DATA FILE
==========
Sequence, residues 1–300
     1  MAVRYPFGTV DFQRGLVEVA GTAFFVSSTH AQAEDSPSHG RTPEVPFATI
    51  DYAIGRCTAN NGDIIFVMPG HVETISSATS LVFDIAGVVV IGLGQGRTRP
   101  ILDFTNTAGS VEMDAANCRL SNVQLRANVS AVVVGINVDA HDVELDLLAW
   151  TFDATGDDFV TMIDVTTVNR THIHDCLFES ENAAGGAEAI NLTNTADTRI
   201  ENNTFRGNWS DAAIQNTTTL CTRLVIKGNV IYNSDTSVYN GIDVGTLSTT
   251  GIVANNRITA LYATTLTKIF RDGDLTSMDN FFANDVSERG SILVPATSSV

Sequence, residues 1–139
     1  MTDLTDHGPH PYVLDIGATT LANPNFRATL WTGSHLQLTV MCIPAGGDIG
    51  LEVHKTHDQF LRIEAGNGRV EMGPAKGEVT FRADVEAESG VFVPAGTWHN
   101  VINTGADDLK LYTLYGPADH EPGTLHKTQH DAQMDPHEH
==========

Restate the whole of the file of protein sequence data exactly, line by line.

Sequence, residues 1–300
     1  MAVRYPFGTV DFQRGLVEVA GTAFFVSSTH AQAEDSPSHG RTPEVPFATI
    51  DYAIGRCTAN NGDIIFVMPG HVETISSATS LVFDIAGVVV IGLGQGRTRP
   101  ILDFTNTAGS VEMDAANCRL SNVQLRANVS AVVVGINVDA HDVELDLLAW
   151  TFDATGDDFV TMIDVTTVNR THIHDCLFES ENAAGGAEAI NLTNTADTRI
   201  ENNTFRGNWS DAAIQNTTTL CTRLVIKGNV IYNSDTSVYN GIDVGTLSTT
   251  GIVANNRITA LYATTLTKIF RDGDLTSMDN FFANDVSERG SILVPATSSV

Sequence, residues 1–139
     1  MTDLTDHGPH PYVLDIGATT LANPNFRATL WTGSHLQLTV MCIPAGGDIG
    51  LEVHKTHDQF LRIEAGNGRV EMGPAKGEVT FRADVEAESG VFVPAGTWHN
   101  VINTGADDLK LYTLYGPADH EPGTLHKTQH DAQMDPHEH